the Weak 2 scheme (see (2.20)) and we generate the terminal values of the schemes with time steps
T T
N and 2N using the same single normal random variable to simulate the stochastic integral w.r.t.
(Bt )t[0,T ] . Once again, it is possible to proceed alike for all the schemes but the CMT scheme. For
the latter, we simulate the scheme at all the intermediate discretization times to obtain the value
at terminal time.

We also consider the convergence at terminal time of the asset itself. We report the numerical
results in Figures 2.5 and 2.6 and give the slopes of the regression lines in Table 2.3.

We observe that, as stated in Remark 28, the OU Improved scheme exhibits a convergence rate
of order 32 , outperforming all the other schemes. As previously, the WeakTrak 1 scheme exhibits
a first order convergence rate. Note also that this new coupling at terminal time improved the
convergence rate of the Weak 2 and the IJK schemes up to order one and, surprisingly, it improved
the convergence rate of the Euler scheme up to an order strictly greater than the expected 12 ,
approximately 0.67.

80
13.6 0
WeakTraj_1
Weak_2
13.4
OU_Improved 2
IJK
13.2 Euler
CMT 4

13.0

12.8

8 WeakTraj_1
12.6 Weak_2
OU_Improved
10 IJK
12.4
Euler
CMT
12.2 12
0 50 100 150 200 250 300 0.5 1.0 1.5 2.0 2.5 3.0 3.5

Figure 2.7: Convergence of the call price with Figure 2.8: Illustration of the convergence
respect to N rate for the call option

2.3.2 Standard call pricing


Numerical illustration of weak convergence

We compute the price of a call option with strike K = 100 and maturity T = 1. For all the
schemes but the CMT scheme, we use the conditioning variance reduction technique presented in
Remark 34.
In Figure 2.7, we draw the price as a function of the number of time steps for each scheme and
in Figure 2.8 we draw the logarithm of the pricing error : log Pexact Pscheme
N where Pexact
12.82603 is obtained by a multilevel Monte Carlo with an accuracy of 5bp, as a function of the
logarithm of the number of times steps.
We see that, as expected, the Weak 2 scheme and the OU Improved scheme exhibit a weak
convergence of order two and converge much faster than the others. The weak scheme already gives
an accurate price with only four time steps. The WeakTraj 1 scheme has a weak convergence of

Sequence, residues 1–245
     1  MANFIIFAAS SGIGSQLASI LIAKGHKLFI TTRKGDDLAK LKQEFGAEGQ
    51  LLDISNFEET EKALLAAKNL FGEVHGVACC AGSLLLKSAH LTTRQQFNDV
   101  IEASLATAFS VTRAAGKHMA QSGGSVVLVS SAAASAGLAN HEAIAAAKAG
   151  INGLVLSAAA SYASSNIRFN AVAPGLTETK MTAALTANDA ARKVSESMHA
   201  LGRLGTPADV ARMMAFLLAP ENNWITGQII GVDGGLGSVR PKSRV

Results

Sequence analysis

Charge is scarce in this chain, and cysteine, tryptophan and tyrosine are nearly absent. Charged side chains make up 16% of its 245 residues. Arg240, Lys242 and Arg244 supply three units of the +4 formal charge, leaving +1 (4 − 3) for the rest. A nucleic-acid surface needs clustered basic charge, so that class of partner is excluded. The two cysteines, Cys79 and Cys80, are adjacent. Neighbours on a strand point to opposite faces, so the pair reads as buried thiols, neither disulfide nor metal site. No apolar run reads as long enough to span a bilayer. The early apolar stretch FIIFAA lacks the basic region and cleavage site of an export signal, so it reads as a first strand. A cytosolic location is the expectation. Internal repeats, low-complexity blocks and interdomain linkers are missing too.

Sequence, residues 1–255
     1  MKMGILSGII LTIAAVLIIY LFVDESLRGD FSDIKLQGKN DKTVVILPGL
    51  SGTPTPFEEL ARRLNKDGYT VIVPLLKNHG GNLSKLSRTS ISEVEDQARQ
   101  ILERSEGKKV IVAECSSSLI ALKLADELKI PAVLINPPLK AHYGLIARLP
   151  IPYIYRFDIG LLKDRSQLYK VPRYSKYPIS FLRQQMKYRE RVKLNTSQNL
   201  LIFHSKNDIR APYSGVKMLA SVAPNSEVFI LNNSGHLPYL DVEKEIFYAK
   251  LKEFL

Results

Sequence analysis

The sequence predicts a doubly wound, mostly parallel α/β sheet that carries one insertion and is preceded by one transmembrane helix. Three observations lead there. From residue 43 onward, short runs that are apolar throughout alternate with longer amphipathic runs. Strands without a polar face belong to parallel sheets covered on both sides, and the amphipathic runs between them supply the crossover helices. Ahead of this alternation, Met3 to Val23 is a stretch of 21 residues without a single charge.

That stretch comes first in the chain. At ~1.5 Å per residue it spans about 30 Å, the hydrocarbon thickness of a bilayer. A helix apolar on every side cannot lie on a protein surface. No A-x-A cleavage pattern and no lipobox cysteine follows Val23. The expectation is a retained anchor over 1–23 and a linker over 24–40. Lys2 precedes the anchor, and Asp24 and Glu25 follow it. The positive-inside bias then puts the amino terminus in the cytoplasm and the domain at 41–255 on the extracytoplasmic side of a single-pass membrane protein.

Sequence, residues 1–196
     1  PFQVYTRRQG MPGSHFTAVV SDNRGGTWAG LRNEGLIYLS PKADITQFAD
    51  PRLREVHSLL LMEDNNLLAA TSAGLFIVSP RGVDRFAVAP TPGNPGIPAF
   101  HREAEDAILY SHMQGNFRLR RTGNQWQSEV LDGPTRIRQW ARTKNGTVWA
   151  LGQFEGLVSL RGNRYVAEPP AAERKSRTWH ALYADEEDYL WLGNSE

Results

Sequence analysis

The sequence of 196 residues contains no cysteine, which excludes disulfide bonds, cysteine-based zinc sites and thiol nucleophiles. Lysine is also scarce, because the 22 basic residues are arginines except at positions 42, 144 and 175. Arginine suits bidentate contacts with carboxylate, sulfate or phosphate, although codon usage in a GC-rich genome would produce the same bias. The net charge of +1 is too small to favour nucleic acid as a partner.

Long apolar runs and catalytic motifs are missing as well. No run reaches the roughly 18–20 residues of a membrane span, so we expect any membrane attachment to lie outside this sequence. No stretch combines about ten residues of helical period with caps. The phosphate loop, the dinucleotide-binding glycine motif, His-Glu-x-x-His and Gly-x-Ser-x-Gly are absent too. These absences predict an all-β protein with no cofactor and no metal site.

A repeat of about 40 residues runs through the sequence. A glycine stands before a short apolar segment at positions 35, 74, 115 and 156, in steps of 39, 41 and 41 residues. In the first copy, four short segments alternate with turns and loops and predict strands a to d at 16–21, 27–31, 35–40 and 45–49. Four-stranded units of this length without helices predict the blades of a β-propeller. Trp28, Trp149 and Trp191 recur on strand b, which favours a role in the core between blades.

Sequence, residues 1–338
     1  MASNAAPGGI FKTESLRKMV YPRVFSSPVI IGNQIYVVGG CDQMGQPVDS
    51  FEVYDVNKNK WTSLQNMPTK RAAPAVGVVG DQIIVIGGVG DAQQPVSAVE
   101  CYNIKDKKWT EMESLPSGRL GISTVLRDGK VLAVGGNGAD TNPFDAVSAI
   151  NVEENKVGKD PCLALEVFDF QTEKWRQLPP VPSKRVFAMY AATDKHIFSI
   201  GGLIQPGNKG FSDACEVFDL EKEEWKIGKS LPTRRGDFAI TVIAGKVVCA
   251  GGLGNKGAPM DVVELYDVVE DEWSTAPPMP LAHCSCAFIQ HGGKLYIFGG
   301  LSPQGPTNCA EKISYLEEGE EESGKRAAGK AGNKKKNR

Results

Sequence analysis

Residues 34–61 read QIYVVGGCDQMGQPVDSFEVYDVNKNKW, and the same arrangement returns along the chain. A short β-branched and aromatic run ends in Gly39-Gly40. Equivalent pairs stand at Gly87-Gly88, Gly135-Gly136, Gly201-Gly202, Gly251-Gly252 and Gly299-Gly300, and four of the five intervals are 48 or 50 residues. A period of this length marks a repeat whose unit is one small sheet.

order one like the Euler and the IJK scheme, but it has a greater leading error term. Fortunately, its
better strong convergence properties enable it to catch up with the multilevel Monte Carlo method
as we will see hereafter.
Finally, note that the weak scheme does not require the simulation of additional terms when
compared to the Euler or the IJK schemes. Combined with its second order weak convergence
order, this makes the Weak 2 scheme very competitive for the pricing of plain vanilla European
option.

Multilevel monte carlo

Let us now apply the multilevel Monte Carlo method of Giles [48] to compute the Call price. As
previously, we consider the schemes straight at the terminal time and use a conditioning variance
reduction technique. We give the CPU time as a function of the root mean square error in Figure

81
2.9 (see Giles [48] for details on the heuristic numerical algorithm which is used).
We observe that both the Weak 2 and the OU Improved scheme are great time-savers. For the
OU Improved scheme, the effect coming from its good strong convergence properties is somewhat
offset by the additional terms it requires to simulate. We can see nevertheless that it is going to
overcome the Weak 2 scheme for bigger accuracy levels.

2.3.3 Asian option pricing and multilevel Monte Carlo


Finally, we consider an example of path-dependent option pricing : the Asian option. More
precisely,
 R we compute  the price of the Asian call option with strike K = 100 whose pay-off is equal
1 T
to T 0 St dt K and we choose to discretize the integral of the stock price by a trapezoidal
+
method for each scheme.
We first draw the price obtained by the different schemes with respect
to the number of time

steps N (see Figure 2.10) and the logarithm of the pricing error : log Pexact Pscheme where
N

Pexact 7.0364 is obtained by a multilevel Monte Carlo with an accuracy of 5bp, as a function
of the logarithm of the number of times steps (see Figure 2.11). For all the schemes but the
OU Improved scheme, the convergence rates seem to be quite similar, around one. Surprisingly,
the OU Improved scheme exhibits a second order convergence and far outperforms all the other
schemes. For example, it achieves the same precision for N = 16 as the other schemes for N = 128.
The WeakTraj 1 scheme is a little bit slower than the Weak 2, the IJK and the Euler schemes.